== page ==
• Unemployment
  • Health and Safety at Work

Unemployment Resources/Links

Other COVID-19 Resources

For information on your rights to paid sick leave, paid family medical leave, unemployment and workers’ compensation, use the links to see your Basic Rights #1 and #2 below.

 

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Every year,  thousands of workplace violations go unaddressed.
Use this site to make sure your rights are not being violated. 

Here are your

5 basic rights in Washington

In Washington state, you have five basic rights as a worker. Click on the individual rights below for more information.

1) You have the right to be paid

Your rights to a minimum wage, tips, prevailing wage, overtime, rest breaks and scheduling. What you need to know about termination and unemployment. What to do about wage theft.

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2) You have the right to take care of yourself & your family

Your rights to Sick and Safe Leave, Family, Pregnancy and other Leaves, Workers’ Compensation when injured on the job, and Disability when unable to work.

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3) You have the right to be free of discrimination

Laws that protect workers from discrimination in the workplace, including who is protected and how to file discrimination complaints. How to respond to sexual harassment in the workplace.

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4) You have the right to be safe at work

Your rights to a safe workplace, in the workplace, employer and employee safety responsibilities, how to enforce workplace safety, and workplace safety for undocumented workers.

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5) You have the right to organize

A Voice on the Job Leads to a Better Job. How workers can organize together to improve conditions at work through a union or other organization.

Learn More

Updates

Here are selected sections of the manual that have undergone recent updates.

Overtime and Minimum Wage for Salaried Workers

Overtime and Minimum Wage for Salaried Workers

Washington State is raising the minimum wage and overtime threshhold (salary level) for workers who primarily perform “executive, administrative, and professional” (EAP) duties each year for the next 8 years. You must earn more than the following threshold to be denied overtime pay: if you work for an employer with 50 or less employees, the 2021 overtime salary threshold is $821.40/week ($42,712.80/year). For large businesses (51 or more employees) the 2021 overtime salary threshold is $958.30/week ($49,831.60/year) If you earn less than these thresholds, you are covered by state minimum wage and overtime rules. There are also changes in the thresholds for exempt computer professionals paid by the hour.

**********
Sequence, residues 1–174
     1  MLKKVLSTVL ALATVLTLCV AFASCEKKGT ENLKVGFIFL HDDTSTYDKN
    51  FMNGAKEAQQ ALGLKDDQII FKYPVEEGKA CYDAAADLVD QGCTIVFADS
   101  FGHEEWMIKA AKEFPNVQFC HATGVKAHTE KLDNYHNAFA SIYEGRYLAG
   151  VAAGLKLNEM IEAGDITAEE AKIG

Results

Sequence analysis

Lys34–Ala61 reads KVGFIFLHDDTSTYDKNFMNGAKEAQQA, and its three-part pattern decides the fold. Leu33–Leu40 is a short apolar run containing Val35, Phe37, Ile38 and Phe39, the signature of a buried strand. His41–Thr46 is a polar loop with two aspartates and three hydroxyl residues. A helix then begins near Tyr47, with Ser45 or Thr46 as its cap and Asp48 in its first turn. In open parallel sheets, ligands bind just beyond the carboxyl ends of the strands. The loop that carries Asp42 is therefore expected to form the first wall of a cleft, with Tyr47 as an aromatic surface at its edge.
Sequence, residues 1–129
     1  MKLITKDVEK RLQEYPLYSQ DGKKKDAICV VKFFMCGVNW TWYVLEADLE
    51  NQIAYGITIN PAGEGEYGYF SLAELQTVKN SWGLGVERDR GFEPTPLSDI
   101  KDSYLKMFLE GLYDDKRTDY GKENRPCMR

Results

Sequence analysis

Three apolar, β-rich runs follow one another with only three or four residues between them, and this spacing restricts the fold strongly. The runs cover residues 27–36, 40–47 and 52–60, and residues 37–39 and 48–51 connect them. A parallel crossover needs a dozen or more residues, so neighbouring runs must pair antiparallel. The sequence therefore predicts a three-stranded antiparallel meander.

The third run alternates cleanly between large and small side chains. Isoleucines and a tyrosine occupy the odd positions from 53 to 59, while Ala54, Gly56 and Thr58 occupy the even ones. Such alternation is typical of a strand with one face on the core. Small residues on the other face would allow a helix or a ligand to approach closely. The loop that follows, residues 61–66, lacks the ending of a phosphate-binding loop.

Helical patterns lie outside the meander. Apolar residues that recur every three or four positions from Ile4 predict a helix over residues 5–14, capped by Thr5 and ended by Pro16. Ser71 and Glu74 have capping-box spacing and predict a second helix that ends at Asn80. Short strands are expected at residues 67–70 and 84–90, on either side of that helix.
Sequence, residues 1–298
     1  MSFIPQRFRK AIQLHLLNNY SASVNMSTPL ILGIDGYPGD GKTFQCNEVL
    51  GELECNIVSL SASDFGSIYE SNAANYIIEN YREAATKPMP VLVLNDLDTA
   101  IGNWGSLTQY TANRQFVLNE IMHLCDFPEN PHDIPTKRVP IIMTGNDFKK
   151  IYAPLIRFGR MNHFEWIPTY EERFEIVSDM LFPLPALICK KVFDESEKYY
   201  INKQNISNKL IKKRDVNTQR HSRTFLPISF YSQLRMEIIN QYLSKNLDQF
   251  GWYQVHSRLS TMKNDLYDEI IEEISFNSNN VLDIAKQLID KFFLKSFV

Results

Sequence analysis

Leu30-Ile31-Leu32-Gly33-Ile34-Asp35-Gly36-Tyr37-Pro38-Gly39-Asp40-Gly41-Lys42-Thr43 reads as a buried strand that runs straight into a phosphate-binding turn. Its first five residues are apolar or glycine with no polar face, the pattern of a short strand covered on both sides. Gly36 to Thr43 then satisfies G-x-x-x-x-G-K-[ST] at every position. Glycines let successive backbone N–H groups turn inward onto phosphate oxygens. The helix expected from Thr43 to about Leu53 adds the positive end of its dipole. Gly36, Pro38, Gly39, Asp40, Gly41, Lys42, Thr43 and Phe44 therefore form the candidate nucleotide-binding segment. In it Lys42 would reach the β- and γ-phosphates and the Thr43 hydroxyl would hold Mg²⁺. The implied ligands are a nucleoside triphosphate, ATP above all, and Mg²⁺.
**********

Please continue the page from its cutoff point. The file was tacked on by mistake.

Find more information on the Washington State changes here: https://www.lni.wa.gov/workers-rights/wages/overtime/changes-to-overtime-rules

Discrimination Rights Expanded to Include Immigration Status

Citizenship or Immigration Status

Washington’s Law Against Discrimination (WLAD) now bars discrimination based on immigration status as an unfair practice in addition to citizenship. A person or entity may make a distinction or treat someone differently based on citizenship or immigration status only if a state or federal law, regulation, or a government contract requires it. See Chapter 3 for more information.

Minimum Wage Increases for 2021

The Washington statewide minimum wage is $13.69/hour, and Seattle’s minimum hourly wage is $16.69 for large employers and $15.00 to $16.69 at small employers. For more details, see Chapter 1, Your Right to be Paid